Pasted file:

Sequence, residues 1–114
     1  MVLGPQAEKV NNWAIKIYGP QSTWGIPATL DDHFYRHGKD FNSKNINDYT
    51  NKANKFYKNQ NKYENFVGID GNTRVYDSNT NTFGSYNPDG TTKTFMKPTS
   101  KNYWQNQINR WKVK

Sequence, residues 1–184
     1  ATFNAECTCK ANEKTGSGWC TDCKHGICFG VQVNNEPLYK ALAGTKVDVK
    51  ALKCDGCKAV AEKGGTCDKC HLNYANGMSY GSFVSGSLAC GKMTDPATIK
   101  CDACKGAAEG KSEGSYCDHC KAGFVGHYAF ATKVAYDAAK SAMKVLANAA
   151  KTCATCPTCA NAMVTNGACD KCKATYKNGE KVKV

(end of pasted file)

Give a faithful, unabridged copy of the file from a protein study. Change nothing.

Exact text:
Sequence, residues 1–114
     1  MVLGPQAEKV NNWAIKIYGP QSTWGIPATL DDHFYRHGKD FNSKNINDYT
    51  NKANKFYKNQ NKYENFVGID GNTRVYDSNT NTFGSYNPDG TTKTFMKPTS
   101  KNYWQNQINR WKVK

Sequence, residues 1–184
     1  ATFNAECTCK ANEKTGSGWC TDCKHGICFG VQVNNEPLYK ALAGTKVDVK
    51  ALKCDGCKAV AEKGGTCDKC HLNYANGMSY GSFVSGSLAC GKMTDPATIK
   101  CDACKGAAEG KSEGSYCDHC KAGFVGHYAF ATKVAYDAAK SAMKVLANAA
   151  KTCATCPTCA NAMVTNGACD KCKATYKNGE KVKV